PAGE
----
27 April 2009
It is a large cross with the words GAME TIME below.
“That’s not ‘game time,’ ” Robinson corrects. “It’s G.A.M.E. Time … God Asks for Me Every Time.”
Nate Robinson Blasts Off
26 April 2009
25 April 2009
20 April 2009
Brunch was amazing. I'm now a huge fan of Peter Xaviar Kelly, Iron Chef winner. I look forward to visiting his other restaurants.
M's birthday creme brulee.
13 April 2009
Dreier’s motives were at once shallow and profound. Even by New York standards, he was wildly ambitious. It wasn’t enough for him to be a successful lawyer; he had to be the most successful lawyer in town, and he needed everyone else to know about it. You could see his obsession reflected in the $10 million Beacon Court condominium, the fully staffed $18 million 123-foot yacht, the $40 million in Warhols and Lichtensteins and other artworks, the Aston Martin, BMW, and two Mercedes, the two Hamptons homes, the Anguilla property, the Park Avenue headquarters with his name emblazoned on the side, the star-studded charity golf tournament, the girls. When he’d couldn’t come by all of that honestly, it seems, he found another way. The whole operation was audacious to the point of sheer recklessness—from the start, he was just one due-diligence phone call from being found out—yet the very boldness of his plan was central to its success. Who would believe that such a respected and apparently successful attorney would knowingly peddle hundreds of millions of dollars worth of nothing?
After law school, Dreier went to work as a white-collar defense litigator at the New York firm Rosenman & Colin. “He was one of the shining stars,” says Donald Citak, a former colleague. “He was ambitious, bright, and full of energy—hyper but personable.” Dreier pitched on the company softball team and was always up for drinks, often at the Beach Café at 70th Street and Second Avenue, a few blocks from his bachelor apartment on York Avenue. But even Dreier’s friends didn’t fully trust him. “He never put other people’s interests first,” one friend says, “and he’d make no bones about it. Part of him wanted to have friends, but all of him wanted to be admired.”
12 April 2009
You have to love the way mergers and acquisitions work. The Skype founders sold Skype to eBay for $3.1 billion and investment bankers collected millions in fees. Now the founders are hoping to buy the company back for far less money and investment bankers will collect millions more in fees. Meanwhile, eBay shareholders have been taken to the cleaners and no value was created.
10 April 2009
Instead of writing about massage this month, I thought I'd tell you about my student teaching I've been doing this spring. After 6 intense but successful weeks at a performing arts high school, I've spent the past couple of weeks at an elementary school. I don't mind telling you those kids have been kicking my butt! While it's true that I get along with the youngin's very well as individuals or in pairs, I seem to be less successful when there are 25 of them in a classroom. I was kind of caught off guard by this fact. After all, back in the day I used to counsel camp without any trouble, so how different could it be?
Let me tell you, it's different. First of all, camp has a completely different discipline code from school. At camp, a bit of hyper-activity is accepted. From my memories, it was even encouraged. It's part of camp culture, and the good news is it only takes about 2 minutes to realize that this doesn't translate so well to the school environment. The bad news is, by then it's too late. It takes a far subtler skill than I currently possess to regain control of a roomful of kids who think your exasperated efforts are a funny game. (The teacher I work with can do this as if he has a magic wand- I have no idea how!)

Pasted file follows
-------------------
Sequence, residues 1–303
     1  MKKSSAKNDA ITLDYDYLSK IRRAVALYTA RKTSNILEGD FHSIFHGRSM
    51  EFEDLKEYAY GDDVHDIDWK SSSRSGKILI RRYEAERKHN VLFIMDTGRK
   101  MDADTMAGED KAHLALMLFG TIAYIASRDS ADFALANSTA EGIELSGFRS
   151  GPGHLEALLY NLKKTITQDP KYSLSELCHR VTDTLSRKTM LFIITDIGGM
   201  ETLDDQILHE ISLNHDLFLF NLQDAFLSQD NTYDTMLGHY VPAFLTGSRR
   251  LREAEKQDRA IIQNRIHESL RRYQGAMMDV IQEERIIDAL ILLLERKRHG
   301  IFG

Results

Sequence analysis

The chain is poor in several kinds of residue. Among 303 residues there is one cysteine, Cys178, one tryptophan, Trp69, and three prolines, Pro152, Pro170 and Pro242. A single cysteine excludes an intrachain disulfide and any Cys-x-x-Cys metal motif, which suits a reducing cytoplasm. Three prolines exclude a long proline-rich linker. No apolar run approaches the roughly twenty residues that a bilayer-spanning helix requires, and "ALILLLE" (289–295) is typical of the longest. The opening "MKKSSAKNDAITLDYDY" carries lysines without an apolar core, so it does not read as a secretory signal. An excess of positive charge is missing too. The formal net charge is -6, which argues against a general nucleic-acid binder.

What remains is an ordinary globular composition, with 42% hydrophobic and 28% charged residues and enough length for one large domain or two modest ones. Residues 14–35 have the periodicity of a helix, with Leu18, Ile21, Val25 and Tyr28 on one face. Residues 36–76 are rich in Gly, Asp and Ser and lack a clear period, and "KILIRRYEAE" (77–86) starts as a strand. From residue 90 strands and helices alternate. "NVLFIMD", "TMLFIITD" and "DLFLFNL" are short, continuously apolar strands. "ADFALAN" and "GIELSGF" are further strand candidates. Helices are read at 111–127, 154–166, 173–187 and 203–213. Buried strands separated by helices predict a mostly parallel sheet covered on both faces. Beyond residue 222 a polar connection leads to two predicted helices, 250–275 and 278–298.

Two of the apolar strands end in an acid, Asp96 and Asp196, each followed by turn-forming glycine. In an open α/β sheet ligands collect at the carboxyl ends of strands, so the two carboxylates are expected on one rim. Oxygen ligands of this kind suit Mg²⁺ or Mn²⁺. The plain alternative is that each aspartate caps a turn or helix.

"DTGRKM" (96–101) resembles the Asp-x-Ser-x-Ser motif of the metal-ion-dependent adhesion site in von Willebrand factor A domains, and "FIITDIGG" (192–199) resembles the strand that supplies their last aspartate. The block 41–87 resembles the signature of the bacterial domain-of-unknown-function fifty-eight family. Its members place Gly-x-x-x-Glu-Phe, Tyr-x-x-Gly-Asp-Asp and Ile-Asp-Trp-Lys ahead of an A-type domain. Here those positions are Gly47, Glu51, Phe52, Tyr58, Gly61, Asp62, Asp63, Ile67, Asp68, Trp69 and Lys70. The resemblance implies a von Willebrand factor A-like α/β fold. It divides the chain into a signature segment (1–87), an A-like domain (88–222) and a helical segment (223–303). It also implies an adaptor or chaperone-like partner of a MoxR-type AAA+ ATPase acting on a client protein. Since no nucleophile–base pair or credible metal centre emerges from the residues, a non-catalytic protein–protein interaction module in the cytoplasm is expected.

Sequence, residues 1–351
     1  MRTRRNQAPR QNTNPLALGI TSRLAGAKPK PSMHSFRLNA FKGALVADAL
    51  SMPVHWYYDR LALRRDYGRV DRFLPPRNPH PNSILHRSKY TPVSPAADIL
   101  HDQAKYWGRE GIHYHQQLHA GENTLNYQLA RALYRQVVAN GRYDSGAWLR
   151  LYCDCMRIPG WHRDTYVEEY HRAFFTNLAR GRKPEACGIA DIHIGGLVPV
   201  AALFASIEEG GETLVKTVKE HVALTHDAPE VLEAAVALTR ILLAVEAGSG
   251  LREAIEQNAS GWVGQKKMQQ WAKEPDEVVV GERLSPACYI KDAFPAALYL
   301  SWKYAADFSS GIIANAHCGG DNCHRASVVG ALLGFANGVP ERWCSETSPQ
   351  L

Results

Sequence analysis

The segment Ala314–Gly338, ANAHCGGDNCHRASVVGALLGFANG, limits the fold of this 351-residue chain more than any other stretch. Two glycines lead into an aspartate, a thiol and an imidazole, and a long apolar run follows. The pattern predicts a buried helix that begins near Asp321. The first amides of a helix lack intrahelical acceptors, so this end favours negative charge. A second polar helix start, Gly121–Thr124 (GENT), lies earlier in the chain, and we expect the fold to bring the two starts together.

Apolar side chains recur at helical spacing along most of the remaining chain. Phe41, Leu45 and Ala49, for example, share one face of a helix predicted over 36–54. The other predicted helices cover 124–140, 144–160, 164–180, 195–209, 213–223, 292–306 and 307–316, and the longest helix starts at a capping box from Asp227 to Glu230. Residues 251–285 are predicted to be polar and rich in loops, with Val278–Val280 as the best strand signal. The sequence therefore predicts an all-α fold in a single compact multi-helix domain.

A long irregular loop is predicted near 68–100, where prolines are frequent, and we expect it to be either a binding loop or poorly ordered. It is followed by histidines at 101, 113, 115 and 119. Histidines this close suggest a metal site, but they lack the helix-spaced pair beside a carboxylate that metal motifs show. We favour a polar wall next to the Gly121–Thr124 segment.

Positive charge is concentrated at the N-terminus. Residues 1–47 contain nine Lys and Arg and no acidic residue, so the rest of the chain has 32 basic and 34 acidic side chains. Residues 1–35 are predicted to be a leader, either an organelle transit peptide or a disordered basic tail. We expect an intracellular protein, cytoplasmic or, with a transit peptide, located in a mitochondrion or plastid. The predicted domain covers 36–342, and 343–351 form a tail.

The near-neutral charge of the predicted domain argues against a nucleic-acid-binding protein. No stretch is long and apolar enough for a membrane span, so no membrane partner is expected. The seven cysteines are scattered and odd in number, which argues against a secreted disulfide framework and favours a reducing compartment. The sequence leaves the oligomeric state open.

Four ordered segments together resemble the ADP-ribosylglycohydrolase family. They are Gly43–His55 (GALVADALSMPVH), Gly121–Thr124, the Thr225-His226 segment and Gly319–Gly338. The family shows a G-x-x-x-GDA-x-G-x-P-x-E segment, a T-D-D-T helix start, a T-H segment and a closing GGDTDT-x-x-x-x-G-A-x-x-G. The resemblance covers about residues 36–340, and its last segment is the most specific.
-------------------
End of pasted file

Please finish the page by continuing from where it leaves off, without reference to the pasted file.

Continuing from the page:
The second difference is, when I was 18 years old, I was often still able to work under the assumption that I could do anything; if no one got seriously maimed, I must have done a good job. I didn't get trapped by my own self-awareness, and in return I did things more naturally, learning new skills without stress or burnout.
Eighteen was about the age my self-awareness started catching up to me. Through most of my 20's, with everything I did, every new skill I learned, I tried too hard, thought too much. At first I got a lot of praise for this, but eventually I started to run into brick walls. Tension started catching up with me, and I began getting worse at all the things I wanted to get better at. About the time I started massage, I began to figure out the error of my ways. As I learned that new skill, I also started learning how not try too hard, how to give myself space to be mediocre or downright bad at something, then calmly and slowly figure out how to make it better. Then I could usually find the balance between instinct and analysis, and gradually improve.
Nowadays, learning a new skill is a strange and interesting process. Particularly when the skill is one you have to learn publicly. As a teacher, you can't hide when you don't know what you are doing, and your audience is not going to be patient and polite while you figure it out. And so everytime I step in front of a class, it is a nervous, stressful experience. On the other hand, I've done enough things badly at this point in my life that I'm not scared of being scared anymore. Part of me can step back, watch myself in the third person, and enjoy seeing the process unfold. This allows me to jump in and take risks with the same sort of abandon I did when I was a teenager; only this time I have a better sense of where I want to go and how to try to get there.